On June 1, David Leavitt, the prosecuting attorney for Utah County, stood behind a lectern in his windowless Provo office before a gaggle of reporters. Wearing a gray suit and an exasperated look, he wanted to make something categorically clear: Neither he nor his wife were guilty of murdering or cannibalizing young children.
It was, by all accounts, a strange declaration from the progressive Republican prosecutor, a Mormon and younger brother of a former Utah governor, Mike Leavitt, who had earned a name for himself by prosecuting a well-known polygamist in 2001. But David Leavitt was up for re-election, Utah County voters would start casting ballots the next week, and the allegations, ridiculous as they may have sounded, had started to spread online and throughout the community.
Some of Leavitt’s most high-profile political opponents were willing to at least wink at the allegations against him: Utahns for Safer Communities, a political action committee opposing Leavitt’s re-election, posted his news conference to YouTube with the caption, “Wethinks He Doth Protest Too Much,” and on their website, the group wrote that Leavitt “seems to know more than he says.”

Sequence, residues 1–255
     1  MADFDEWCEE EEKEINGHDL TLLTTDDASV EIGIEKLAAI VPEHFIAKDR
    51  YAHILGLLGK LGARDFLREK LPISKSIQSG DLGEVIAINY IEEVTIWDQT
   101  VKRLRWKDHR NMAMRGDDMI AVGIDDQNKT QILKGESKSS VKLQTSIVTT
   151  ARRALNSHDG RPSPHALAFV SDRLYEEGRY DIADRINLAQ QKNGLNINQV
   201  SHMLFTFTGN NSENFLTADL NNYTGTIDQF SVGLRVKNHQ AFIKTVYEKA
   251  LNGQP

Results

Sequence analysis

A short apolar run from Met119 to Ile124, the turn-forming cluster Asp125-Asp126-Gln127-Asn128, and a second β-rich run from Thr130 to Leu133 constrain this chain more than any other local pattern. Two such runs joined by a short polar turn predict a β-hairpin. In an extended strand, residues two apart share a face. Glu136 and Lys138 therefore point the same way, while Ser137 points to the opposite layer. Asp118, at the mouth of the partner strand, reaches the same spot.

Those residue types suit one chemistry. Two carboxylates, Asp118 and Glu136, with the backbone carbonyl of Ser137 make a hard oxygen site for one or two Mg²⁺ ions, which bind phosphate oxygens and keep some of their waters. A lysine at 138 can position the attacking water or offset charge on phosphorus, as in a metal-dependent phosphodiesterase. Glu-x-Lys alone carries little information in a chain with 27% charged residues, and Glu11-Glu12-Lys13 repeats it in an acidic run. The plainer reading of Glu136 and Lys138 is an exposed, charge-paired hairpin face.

Leavitt lost the election, most likely not just because of the allegations against him but because of his liberal style of prosecution in a deeply conservative county where opponents labeled him as “soft on crime.” But the allegations’ impact on Leavitt was clear. After decades of serving as a city and county attorney with grander plans for public office, Leavitt now doesn’t think he’ll run again.
“The cost is too high,” he said recently in an interview from his home.
Leavitt’s experience is one of a spate of recent examples in which individuals have been targeted with accusations of Satanism or so-called ritualistic abuse, marking what some see as a modern day version of the moral panic of the 1980s, when hysteria and hypervigilance over protecting children led to false allegations, wrongful imprisonments, decimated communities and wasted resources to the neglect of actual cases of abuse.